In the dry, interior of the west, especially, these zinc plated bolts seem to last a long time. I've pulled several in the 14 year old time frame, some in wetter areas with porous rock like American Fork, and there mass loss due to corrosion was very very minimal. I'd bet they'd still meet their specs on shear strength.

If I lived near a marine environment, I'd probably look at Titanium, ala Thailand. Although, having climbed seaside in Greece, where folks are using almost exclusively stainless bolts, they seem to be holding up pretty well, but its also really dry there too. SCC is the major concern with stainless bolts/hangers. A carbon steel bolt isn't susceptable to that type of failure. Visually, you get what you get, ie, surface corrosion. With stainless, you don't know what you have, ie, you'll probably never see the SCC issue until the bolt snaps off.

mschlocker wrote:
I paid 5.60 ea for 3/8 X 2.25" stainless Powers bolts and you can get them cheaper in bulk (box of 50) from a fastener or construction supply company. There are other cheaper stainless options as well. If you are unsure about what you are buying, bring a magnet, it will not stick to stainless.


If you have a source for inexpensive powerbolts in stainless, please list it!

Also, magnets barely stick to 300 series stainless. They stick well to 400 series (try your stainless cutlery, for example). I have some bolt hangers from Europe that I think are 440 stainless. Have never seen a bolt or stud that is stainless in anything besides 303, 304 or 316 stainless, though, so its a pretty good test. Fixe, Petzl, Raumer and Metolious are all 300 series stainless.

-Brian in SLC

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By mschlocker
From San Diego, CA
Apr 20, 2007
Me climbing in La Jolla.
I found a new place to get a good deal on Powers Power Bolts (AKA Rawl 5 Piece) in Stainless. mcmaster.com. Look up concrete anchors. Their sleeve bolts are Powers, they have a great price and you can buy as few or as many as you want. Mcmaster has the fastest shipping of any company I have ever ordered something from.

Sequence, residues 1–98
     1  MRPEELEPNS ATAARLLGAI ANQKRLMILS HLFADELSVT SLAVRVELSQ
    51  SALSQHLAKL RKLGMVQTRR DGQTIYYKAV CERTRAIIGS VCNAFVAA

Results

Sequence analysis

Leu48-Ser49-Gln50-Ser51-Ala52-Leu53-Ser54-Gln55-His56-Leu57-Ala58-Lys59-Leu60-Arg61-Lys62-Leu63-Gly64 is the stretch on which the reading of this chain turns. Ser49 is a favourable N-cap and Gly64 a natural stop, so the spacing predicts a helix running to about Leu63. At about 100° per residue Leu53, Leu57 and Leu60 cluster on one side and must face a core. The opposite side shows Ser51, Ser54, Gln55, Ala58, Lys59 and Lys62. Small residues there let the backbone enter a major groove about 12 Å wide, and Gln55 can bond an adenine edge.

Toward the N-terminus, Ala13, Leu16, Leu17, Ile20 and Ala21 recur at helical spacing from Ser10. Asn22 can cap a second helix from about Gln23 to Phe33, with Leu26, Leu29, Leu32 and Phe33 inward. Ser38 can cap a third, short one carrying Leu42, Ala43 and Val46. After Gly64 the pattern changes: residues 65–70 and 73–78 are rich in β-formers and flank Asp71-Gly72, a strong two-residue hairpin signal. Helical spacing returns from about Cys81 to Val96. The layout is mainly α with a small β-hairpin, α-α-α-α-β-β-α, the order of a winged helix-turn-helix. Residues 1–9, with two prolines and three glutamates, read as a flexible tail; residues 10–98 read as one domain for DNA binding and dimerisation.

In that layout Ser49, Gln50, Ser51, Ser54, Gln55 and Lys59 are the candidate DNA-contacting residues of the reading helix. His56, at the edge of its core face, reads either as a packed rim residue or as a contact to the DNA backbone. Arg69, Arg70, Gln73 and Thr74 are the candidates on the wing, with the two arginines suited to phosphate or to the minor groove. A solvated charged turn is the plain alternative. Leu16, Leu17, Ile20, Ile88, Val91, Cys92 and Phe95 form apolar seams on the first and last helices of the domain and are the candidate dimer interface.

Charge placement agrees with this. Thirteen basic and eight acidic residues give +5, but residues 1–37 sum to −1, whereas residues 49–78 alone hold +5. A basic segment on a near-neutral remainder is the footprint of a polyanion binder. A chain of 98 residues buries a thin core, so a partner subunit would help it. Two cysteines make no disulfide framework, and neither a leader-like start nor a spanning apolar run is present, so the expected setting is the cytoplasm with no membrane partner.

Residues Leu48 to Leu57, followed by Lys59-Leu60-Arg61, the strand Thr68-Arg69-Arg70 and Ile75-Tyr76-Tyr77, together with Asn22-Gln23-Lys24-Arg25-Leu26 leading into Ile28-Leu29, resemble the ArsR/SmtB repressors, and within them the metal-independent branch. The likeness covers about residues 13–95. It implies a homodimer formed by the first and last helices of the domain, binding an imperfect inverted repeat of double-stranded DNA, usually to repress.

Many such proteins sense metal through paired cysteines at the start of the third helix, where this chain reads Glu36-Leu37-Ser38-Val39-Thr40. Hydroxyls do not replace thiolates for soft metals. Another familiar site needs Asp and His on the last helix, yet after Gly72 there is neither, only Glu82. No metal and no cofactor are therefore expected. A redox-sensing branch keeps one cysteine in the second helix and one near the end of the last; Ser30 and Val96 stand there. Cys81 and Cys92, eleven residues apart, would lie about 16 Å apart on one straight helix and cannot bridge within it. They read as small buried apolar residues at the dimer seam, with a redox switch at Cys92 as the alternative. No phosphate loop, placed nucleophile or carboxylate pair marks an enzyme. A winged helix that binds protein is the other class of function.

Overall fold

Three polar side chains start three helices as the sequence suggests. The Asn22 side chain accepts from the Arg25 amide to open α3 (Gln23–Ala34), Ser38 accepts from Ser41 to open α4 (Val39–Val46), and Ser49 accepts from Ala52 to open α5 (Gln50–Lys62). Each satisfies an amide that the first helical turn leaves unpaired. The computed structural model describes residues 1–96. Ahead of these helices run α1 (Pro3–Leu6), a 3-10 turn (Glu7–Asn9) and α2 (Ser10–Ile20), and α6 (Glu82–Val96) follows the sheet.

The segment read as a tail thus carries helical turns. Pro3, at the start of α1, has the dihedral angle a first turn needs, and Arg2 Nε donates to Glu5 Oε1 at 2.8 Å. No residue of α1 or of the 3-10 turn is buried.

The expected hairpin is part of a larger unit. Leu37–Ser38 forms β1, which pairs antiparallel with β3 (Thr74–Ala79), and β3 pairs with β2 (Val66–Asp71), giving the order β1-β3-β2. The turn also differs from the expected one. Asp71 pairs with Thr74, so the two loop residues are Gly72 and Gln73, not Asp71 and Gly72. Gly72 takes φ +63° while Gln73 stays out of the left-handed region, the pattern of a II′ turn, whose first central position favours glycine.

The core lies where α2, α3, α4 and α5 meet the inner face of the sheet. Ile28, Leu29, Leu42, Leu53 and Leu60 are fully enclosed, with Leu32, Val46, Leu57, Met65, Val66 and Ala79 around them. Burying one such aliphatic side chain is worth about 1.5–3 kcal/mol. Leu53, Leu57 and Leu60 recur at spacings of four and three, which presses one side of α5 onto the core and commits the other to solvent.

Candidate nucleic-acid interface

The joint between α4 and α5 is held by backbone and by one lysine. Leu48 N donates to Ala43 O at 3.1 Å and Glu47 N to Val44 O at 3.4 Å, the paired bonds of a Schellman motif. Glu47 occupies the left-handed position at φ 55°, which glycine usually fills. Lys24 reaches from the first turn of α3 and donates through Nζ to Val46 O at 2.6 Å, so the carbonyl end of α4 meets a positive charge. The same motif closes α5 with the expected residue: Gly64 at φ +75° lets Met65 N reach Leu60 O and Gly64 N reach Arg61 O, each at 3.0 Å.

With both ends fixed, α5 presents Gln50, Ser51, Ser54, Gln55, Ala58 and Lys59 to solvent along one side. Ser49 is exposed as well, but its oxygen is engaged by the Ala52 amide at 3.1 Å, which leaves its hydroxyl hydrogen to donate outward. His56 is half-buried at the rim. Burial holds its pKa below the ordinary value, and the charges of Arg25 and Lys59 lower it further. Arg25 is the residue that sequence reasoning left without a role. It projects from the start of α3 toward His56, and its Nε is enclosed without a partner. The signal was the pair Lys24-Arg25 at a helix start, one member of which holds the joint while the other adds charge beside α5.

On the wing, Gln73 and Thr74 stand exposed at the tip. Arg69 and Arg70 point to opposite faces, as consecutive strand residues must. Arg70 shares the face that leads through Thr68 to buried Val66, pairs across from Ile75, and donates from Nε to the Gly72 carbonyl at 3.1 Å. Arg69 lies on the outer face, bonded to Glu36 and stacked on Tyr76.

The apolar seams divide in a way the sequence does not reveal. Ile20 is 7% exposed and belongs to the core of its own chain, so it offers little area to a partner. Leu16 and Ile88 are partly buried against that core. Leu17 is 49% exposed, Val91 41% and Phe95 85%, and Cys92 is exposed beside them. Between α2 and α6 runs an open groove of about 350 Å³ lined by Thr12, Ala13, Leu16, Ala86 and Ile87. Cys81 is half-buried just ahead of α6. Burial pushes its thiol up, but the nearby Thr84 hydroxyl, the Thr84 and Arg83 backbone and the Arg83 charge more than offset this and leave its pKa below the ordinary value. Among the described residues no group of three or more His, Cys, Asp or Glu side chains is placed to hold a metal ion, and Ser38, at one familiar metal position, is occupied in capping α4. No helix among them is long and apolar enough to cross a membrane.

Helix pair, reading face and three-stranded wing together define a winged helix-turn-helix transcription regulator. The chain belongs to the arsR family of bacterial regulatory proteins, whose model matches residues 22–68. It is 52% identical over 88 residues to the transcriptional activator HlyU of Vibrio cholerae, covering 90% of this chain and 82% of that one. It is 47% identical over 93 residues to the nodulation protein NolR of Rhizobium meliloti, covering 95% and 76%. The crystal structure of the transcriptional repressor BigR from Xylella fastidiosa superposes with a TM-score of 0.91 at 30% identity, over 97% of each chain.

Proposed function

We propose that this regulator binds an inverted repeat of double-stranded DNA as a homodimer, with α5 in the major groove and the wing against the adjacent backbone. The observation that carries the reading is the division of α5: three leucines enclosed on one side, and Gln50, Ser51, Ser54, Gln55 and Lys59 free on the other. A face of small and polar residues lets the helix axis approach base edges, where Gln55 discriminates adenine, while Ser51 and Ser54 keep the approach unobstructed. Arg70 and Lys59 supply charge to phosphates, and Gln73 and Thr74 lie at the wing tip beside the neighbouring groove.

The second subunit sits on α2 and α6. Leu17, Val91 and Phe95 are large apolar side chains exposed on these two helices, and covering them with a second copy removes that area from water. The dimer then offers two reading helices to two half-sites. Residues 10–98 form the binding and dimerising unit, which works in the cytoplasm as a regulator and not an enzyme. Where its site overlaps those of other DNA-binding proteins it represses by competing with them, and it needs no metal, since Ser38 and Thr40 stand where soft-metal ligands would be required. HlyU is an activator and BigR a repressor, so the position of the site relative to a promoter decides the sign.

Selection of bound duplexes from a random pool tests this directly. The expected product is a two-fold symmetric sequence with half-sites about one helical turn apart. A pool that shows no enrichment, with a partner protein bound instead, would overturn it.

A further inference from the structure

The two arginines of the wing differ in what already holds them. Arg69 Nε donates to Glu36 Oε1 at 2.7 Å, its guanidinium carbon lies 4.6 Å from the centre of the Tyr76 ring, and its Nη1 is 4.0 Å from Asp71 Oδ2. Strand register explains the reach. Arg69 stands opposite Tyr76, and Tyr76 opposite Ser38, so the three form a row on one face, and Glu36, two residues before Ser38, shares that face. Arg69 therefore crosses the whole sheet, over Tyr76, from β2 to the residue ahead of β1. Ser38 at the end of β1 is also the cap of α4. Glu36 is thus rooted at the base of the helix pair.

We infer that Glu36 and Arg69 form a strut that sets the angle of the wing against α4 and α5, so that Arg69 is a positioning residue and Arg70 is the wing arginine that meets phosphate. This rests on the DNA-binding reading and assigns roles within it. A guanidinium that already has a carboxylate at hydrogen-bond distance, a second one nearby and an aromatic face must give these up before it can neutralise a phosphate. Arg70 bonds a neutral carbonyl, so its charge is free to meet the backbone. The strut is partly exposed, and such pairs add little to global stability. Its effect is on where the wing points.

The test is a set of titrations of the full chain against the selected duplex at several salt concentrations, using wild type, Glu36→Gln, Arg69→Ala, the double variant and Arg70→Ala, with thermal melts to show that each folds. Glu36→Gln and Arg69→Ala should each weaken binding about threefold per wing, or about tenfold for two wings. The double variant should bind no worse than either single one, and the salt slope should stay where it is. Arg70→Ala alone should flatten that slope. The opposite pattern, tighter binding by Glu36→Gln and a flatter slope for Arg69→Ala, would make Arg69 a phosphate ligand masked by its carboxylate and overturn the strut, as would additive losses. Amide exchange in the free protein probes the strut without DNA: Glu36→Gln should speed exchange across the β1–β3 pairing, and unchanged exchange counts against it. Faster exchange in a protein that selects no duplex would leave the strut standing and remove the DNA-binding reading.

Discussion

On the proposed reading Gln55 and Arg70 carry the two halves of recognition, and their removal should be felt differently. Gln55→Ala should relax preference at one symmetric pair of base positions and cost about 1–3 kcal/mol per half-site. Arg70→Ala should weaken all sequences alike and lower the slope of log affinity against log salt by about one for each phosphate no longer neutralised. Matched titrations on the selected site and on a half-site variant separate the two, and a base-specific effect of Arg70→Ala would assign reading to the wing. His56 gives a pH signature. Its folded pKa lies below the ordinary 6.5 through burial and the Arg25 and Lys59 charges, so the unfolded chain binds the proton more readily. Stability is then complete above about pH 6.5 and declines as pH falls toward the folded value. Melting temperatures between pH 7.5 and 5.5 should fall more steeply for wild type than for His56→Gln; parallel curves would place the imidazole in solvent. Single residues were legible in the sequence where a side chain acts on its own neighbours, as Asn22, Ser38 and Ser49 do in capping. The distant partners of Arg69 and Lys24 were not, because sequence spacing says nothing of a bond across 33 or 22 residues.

Also try fastenmsc.com

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By Old and Busted
From Centennial, CO
Apr 20, 2007
Stabby
mschlocker: of all the people you know, are any involved at a foreman level or above in construction? Simply ask them if you can use their account for a "cash sale" (you pay at the counter) at a fasteners and anchors supplier. Half price of retail, no waiting for shipment.

So, if large quantities of bolts is of interest to you; methinks you have yourself some little project crag, eh?


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By ibcies
Sep 25, 2014
Keep in mind that one of the worst things you can do is mix metals (e.g. Zinc Plated blot and Stainless Steel hangers). There is plenty of info on the web about metallurgy. I've come across lots of problems with this in the past couple of years (too many clueless peps out there with pop's hammer drill and an ego for attention). Be wise when replacing bolts, and wiser when putting new lines in.

Thank you to all who are putting time and money into replacing the sketch out there!

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By John Byrnes
Administrator
From Fort Collins, CO
Sep 25, 2014
There's some good info here and some not so good.

Concerning the bolt you sent a photo of... I've never seen a steel expansion bolt of any type, galvanized, stainless, etc., that did NOT have corrosion on the shaft after a year or two. Crevice corrosion always happens, but it may not proceed at the same rate over many years, depending on environmental conditions.

Putting in a galvanized bolt is never a good idea IMO. It's planned obsolescence, and you're just kicking the can further down the road.


P. Muraleedharan, a highly regarded metallurgist, wrote that Stress Corrosion Cracking (SCC) of austenitic stainless steels (e.g. Series 300) in ambient conditions "depends on the patience of the observer." This is a huge divergence from previous doctrine, when metallurgists didn't think SCC could happen in the Real World under 80C.

Now, it's clear it does. In Thailand: 9 months to failure. In Kalymnos: 9 years. Sea-side, inland, wet, dry, sandstone, limestone, basalt; it's just a matter of time, and not enough time.

For this reason the UIAA's upcoming corrosion guidelines* will NOT approve of Series 300 bolts for (almost) any outdoor environment. Following the guidelines means the bolts should not need to be replaced in less than 50 years; and most places should far exceed that.